When does a hunting culture become fair game for the hate industry?
Plenty of people denigrate British sporting culture while praising indigenous hunting cultures globally, but how different are they? Alasdair Mitchell ponders
Today, traditional hunting cultures are admired and protected in many parts of the world. Respected ecologists and anthropologists go out of their way to understand and appreciate them. Think of the respect accorded in official circles to the life of indigenous peoples such as the Arctic Inuit, Canadian First Nations, Native Americans and the Kalahari San.
In part, the current reverence for indigenous people is a reaction to a sordid history of exploitation by white Europeans. Those who thought they were being benign were aiding the long-term destruction of traditional societies by imposing Eurocentric education, commercialism, dependency and disease. Even at the time, some policies were controversial. Today, they seem inexcusable.
It now seems incredible that right into the past century, Canadian Inuit and First Nations children were forcibly removed from their families and sent to distant residential schools, where they were banned from speaking their own language. No doubt some of our current attitudes may also be seen in a very different light in years to come.
Even though many welcome the new-found reverence for indigenous hunting cultures, there are two discordant notes. First, the convenient myth that subsistence hunting was based on a conscious recognition of the principles of nature conservation. Second, the obvious contrast with the way modern hunting culture in Western Europe is denigrated by the same people who have no issues with Inuit being permitted to hunt whales and polar bears.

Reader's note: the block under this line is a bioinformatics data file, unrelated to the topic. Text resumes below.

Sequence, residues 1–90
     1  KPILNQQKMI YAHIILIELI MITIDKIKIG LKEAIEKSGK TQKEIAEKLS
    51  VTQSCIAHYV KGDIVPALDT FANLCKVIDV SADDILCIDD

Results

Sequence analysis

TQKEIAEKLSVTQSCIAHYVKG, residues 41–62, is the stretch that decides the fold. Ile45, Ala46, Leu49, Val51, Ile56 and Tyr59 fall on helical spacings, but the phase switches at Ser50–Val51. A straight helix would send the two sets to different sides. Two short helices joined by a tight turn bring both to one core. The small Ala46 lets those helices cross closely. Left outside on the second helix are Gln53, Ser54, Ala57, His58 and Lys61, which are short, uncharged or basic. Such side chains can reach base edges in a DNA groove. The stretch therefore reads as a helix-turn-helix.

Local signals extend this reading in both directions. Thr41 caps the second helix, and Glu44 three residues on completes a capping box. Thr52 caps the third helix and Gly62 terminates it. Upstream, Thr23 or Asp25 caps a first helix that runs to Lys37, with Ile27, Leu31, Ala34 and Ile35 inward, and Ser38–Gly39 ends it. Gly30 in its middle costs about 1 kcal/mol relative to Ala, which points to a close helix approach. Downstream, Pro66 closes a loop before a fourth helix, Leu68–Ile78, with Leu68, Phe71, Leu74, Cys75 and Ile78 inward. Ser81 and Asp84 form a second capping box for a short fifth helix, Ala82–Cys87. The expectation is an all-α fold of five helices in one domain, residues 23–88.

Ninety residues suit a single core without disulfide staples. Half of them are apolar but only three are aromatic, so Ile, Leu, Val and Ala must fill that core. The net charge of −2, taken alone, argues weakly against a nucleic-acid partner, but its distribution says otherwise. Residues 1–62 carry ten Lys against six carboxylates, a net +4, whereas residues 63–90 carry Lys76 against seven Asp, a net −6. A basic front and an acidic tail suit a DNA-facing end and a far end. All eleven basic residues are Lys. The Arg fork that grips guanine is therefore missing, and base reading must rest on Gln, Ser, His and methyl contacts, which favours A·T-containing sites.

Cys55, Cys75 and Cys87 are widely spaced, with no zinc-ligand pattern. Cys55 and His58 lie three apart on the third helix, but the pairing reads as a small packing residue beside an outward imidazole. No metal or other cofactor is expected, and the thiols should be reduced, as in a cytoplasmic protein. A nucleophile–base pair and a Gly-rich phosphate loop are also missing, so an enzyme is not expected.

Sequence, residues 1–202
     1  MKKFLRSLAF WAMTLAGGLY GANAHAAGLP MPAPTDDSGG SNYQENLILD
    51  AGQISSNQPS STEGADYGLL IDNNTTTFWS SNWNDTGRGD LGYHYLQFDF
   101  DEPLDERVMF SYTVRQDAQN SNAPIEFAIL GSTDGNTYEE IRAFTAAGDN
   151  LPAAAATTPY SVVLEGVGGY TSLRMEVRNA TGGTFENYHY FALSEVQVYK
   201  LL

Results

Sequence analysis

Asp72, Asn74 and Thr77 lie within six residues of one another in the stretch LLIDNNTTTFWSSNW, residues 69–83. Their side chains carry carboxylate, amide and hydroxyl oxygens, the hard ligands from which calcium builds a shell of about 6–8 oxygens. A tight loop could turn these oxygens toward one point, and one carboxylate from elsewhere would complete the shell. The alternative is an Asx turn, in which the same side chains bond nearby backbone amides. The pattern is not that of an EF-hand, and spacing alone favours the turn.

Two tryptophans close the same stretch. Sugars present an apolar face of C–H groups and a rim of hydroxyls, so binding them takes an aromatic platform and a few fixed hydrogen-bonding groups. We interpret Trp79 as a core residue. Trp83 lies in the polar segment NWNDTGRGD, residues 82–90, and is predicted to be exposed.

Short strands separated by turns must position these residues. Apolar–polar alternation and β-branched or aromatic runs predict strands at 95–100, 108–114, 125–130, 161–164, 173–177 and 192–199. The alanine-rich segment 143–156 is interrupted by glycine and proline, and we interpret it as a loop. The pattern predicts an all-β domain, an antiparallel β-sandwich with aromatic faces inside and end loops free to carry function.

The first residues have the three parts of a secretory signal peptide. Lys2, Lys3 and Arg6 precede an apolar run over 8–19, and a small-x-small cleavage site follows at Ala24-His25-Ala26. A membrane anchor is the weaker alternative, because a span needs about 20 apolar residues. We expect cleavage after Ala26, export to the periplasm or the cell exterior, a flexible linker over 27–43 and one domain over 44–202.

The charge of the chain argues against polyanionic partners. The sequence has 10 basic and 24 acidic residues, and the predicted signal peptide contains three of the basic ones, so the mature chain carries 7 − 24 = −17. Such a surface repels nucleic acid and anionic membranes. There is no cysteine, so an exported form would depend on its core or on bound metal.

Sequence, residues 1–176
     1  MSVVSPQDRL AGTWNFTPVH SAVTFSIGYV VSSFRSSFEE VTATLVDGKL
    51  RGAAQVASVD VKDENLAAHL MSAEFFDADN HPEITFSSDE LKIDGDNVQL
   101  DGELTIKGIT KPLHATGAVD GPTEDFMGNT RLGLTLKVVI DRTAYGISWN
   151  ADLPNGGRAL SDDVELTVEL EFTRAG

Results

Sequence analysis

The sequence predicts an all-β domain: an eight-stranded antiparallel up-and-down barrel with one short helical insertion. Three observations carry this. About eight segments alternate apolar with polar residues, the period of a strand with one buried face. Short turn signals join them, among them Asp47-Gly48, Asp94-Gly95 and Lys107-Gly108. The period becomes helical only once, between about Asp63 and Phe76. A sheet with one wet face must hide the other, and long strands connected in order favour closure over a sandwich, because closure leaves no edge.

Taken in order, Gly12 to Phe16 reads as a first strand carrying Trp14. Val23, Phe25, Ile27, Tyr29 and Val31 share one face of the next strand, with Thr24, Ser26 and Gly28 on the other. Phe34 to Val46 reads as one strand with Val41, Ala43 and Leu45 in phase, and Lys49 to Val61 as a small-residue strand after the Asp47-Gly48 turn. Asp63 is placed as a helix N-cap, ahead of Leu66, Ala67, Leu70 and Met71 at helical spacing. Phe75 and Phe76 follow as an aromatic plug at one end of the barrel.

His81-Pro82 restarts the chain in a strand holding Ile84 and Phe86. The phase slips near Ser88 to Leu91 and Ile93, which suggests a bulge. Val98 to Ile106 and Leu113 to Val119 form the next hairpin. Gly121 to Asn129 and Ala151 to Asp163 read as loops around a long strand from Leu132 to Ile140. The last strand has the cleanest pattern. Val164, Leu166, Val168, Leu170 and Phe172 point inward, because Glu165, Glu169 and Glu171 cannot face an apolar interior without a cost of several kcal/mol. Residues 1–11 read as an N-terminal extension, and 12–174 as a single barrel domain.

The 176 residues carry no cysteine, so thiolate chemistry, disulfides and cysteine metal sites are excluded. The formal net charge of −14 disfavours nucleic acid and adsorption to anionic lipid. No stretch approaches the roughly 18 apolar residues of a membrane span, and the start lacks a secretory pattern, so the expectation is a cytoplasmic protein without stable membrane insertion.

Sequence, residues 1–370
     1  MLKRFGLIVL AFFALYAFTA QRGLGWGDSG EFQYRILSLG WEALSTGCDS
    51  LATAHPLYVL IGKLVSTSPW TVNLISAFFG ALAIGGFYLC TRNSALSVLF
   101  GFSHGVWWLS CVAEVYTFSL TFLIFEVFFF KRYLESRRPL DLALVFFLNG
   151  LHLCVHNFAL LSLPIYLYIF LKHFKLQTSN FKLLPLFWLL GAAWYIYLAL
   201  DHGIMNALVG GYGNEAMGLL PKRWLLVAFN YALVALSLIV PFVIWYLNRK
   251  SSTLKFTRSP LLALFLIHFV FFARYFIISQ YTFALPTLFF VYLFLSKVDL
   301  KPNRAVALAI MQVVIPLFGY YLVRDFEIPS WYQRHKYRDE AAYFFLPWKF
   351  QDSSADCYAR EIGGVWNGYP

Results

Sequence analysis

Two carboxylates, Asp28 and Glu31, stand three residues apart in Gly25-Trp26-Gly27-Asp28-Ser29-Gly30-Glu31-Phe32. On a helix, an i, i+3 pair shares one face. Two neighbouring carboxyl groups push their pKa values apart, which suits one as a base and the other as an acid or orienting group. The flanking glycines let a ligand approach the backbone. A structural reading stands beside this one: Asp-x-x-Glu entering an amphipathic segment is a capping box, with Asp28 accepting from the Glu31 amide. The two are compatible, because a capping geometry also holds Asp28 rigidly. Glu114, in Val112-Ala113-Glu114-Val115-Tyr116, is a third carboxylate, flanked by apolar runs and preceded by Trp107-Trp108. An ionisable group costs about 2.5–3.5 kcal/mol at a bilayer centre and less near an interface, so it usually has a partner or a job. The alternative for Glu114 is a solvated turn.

On the first, historical records show that the chief limiting factors in killing animals such as caribou were opportunity and technology. Conservation didn’t get a look-in. Before the inland Inuit of the Canadian Barrens obtained firearms from the early fur traders, they relied on snares, bows and spears. Hunting was onerous and uncertain. Winter starvation was commonplace.
Yet, by intercepting their migrating quarry in the water from kayaks at crossing points, the people occasionally killed an inordinate number of beasts. Even in parts of the year when skins were useless and the meat could not be cached, they might kill vast numbers and leave the carcases to rot. At some lake crossings, the bones of caribou built up until they reached the surface of the water.
Once the Inuit obtained guns, they gained a new capability for killing. By the 1950s, game biologists were concerned that some were inflicting high wounding rates through a predilection for using .22 rimfires, since ammunition was cheap but inadequate for killing caribou cleanly.
Today, the Inuit have snowmobiles, supermarkets and heating. In a sense, they don’t need to hunt. But they continue to do so because it’s a part of who they are and their relationship with the land. That’s something we can understand and support.
At the same time, why is it fashionable to sneer at well-regulated hunting in places such as the Scottish Highlands? Exactly when and why does a hunting culture become fair game for the hate industry?